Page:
Conly’s position in favour of control over this identified zone where, in her view, individual freedom is ethically acceptable is based on the interpretation by authorities of individual long-term goals. She makes a presumption that these individual goals are sufficiently tolerable and not in conflict with one another – at least in any significant and permanent sense. For Conly, the only problem lies in informational asymmetry which results in failures to select the most cost-effective and appropriate means to achieve them: in particular, as she recognises (Conly, 2012:22) and others have argued at length, failures caused by impatience and an inability to calculate a ‘rational’ rate of discounting the future (Loewenstein, 2010:xi). This can be alleviated, at least, by government interference and control. The stress on individuals and goals within a liberal democracy is what results in Conly’s formulation of a one-child policy: the policy must in her view ultimately address and compromise with individual autonomy, rights, and decisions.
The admitted aim of Conly’s coercive paternalism is therefore to enable individuals to become better decision-makers in their own interests, not to reformulate individual interests in a wider, more communitarian sense. There are two types of objection to this straightforward position, which as noted above contains so many liberal assumptions about individuality.
First, there are already plenty of examples where decision-making does not devolve onto individuals. One of the most obvious is a hierarchical organisation such as a military unit: risks are allocated to individuals on the basis of such conditions as temporary geographic location, utility to the unit as a whole, and speed of reaction: individuals are not given choices about which risks to undertake. The effectiveness of the unit as a whole would be crippled if individuals were allowed this kind of autonomy. Similar examples abound from commerce, politics and social life generally. Yet in a world facing what Conly herself regards as an immense environmental crisis generated in significant part by population pressure, she cannot bring herself to detach from an ideological framework that continues to rely on the liberal idea of the individual and amorphous ‘couples’ generated by individuals as the appropriate unit for the location of population control.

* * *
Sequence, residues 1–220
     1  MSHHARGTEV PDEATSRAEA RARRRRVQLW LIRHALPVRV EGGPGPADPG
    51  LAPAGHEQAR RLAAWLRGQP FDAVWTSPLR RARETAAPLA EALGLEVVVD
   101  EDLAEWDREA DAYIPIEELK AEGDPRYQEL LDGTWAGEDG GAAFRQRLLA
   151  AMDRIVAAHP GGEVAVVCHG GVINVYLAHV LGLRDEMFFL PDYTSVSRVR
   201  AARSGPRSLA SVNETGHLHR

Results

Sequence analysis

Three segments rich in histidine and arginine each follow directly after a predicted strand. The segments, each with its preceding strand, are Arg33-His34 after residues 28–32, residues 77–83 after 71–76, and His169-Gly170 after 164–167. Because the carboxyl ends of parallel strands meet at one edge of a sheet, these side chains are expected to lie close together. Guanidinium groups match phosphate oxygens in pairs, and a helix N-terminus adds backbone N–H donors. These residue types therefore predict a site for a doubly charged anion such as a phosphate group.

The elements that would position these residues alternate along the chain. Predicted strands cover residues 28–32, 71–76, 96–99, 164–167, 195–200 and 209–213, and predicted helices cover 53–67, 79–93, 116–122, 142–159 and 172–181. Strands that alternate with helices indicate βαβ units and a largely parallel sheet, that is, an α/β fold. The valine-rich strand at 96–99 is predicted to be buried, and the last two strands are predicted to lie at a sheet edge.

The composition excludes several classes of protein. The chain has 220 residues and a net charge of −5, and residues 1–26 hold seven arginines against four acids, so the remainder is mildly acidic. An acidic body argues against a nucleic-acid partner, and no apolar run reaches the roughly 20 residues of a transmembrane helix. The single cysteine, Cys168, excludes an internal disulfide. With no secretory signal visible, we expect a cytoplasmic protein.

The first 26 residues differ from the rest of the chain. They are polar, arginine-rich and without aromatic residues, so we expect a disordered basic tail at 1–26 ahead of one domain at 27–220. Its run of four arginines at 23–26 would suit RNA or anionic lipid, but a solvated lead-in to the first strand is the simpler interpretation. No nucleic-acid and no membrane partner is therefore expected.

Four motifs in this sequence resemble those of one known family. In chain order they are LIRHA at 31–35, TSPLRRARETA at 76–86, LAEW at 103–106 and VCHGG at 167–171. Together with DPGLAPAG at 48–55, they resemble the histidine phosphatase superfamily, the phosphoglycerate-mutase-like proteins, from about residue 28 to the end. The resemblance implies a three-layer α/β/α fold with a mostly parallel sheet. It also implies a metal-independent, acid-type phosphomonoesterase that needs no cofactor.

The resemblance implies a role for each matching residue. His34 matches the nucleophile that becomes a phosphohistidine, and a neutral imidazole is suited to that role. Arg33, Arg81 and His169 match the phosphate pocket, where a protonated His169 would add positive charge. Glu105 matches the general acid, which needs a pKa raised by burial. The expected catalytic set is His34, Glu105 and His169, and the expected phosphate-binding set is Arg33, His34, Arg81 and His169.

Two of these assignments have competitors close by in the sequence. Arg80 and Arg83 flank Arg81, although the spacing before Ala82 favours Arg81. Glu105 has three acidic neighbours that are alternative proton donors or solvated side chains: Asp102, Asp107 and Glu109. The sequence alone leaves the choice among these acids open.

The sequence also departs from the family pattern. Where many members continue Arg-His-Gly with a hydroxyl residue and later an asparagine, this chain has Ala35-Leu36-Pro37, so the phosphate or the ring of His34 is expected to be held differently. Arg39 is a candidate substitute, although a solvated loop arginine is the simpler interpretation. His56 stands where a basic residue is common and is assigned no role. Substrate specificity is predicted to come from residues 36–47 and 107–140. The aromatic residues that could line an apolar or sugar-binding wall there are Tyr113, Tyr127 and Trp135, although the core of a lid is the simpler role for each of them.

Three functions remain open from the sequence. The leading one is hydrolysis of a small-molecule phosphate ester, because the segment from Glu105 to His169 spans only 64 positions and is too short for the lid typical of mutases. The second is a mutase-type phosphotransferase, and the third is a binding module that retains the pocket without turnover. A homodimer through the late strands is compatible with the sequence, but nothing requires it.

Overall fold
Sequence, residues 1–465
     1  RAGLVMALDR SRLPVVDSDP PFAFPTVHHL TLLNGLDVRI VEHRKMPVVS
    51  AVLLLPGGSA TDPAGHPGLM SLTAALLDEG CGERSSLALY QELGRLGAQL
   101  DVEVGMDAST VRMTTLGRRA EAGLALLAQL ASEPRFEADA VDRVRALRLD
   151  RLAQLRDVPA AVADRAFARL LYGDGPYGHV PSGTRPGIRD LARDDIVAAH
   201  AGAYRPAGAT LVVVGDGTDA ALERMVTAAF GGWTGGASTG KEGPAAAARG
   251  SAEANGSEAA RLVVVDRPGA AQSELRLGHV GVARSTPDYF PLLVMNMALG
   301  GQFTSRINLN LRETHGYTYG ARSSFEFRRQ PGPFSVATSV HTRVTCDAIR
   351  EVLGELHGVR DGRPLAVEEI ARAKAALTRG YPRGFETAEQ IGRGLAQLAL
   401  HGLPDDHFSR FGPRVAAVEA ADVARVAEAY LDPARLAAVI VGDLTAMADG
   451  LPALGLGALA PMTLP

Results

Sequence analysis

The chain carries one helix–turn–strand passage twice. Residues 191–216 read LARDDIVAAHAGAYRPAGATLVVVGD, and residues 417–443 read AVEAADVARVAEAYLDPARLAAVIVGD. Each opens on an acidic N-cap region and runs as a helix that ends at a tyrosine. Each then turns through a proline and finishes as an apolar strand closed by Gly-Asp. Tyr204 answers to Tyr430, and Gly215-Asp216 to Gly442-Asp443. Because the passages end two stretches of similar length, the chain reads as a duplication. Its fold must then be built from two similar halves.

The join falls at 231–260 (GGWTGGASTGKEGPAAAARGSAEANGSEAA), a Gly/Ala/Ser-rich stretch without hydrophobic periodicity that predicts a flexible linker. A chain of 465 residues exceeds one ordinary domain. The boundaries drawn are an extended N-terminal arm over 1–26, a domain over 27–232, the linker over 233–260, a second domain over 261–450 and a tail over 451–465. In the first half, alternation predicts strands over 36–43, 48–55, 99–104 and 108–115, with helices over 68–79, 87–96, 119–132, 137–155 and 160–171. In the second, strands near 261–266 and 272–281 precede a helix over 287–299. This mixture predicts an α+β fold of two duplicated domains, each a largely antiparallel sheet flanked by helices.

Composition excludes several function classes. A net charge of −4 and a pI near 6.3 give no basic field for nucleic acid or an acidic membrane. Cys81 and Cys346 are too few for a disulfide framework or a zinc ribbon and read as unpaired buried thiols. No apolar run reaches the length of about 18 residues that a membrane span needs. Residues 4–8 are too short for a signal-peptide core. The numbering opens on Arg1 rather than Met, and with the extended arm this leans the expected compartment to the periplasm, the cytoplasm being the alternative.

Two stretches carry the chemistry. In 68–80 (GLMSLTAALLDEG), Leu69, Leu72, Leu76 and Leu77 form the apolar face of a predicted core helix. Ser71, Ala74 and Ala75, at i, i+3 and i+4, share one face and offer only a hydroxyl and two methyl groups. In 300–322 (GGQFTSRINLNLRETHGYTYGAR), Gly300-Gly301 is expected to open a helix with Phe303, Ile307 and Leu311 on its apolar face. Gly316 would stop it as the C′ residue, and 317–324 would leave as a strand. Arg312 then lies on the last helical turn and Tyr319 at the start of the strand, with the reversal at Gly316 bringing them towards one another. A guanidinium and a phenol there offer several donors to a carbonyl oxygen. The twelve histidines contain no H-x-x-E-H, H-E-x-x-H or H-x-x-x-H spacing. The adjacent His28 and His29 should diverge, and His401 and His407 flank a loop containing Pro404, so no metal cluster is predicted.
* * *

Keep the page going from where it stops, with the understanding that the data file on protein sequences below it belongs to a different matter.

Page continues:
Second, there are plenty of alternative ideas of individuality to which it would be possible to turn as an alternative philosophical underpinning and which would not require devolution of the population control regulatory process – whether ethically or practically – onto biological parents at all. This scholarship recognises that the idea of vesting rights in individuals is an historical phenomenon associated with the development of capitalism, not some innate aspect of philosophical discussion. Writers such as Oshana (2006) – referred to in passing by Conly – Nedelsky (2011), and many others, have developed a nuanced view of individuality as relational, viewing persons as socially embedded and recognising that agents’ identities, and the decisions that they make, are formed within the context of social relationships and shaped by a complex of intersecting social determinants, such as race, class, gender, and ethnicity (Mackenzie & Stoljar, 2000:4). A simple example relating to Conly’s own work would be the point that decisions about smoking and obesity are well-known to be linked to social class and identity (Barbeau et al, 2004), a fact that Conly herself relegates to a footnote with the surely awkward, and certainly contentious, deduction from the fact that men smoke more than do women, that there is no evidence that one group is generally better able to avoid cognitive bias than another (Conly, 2012: 38fn). At the very least this argument needs much more detailed support. If it is incorrect, as relational theorists would generally agree, it follows that individuals are not always best placed to express their own interests, as she expressly says (Conly, 2012:36). These communitarian views, which owe much to feminist scholarship but which also echo Marx, are strongly in accord with the type of practical development in law noted above (Lewis, 2016) and have obvious significance for policy-making, especially in respect to the kinds of poor decision-making that Conly wants to stress are a strong argument for coercive paternalism.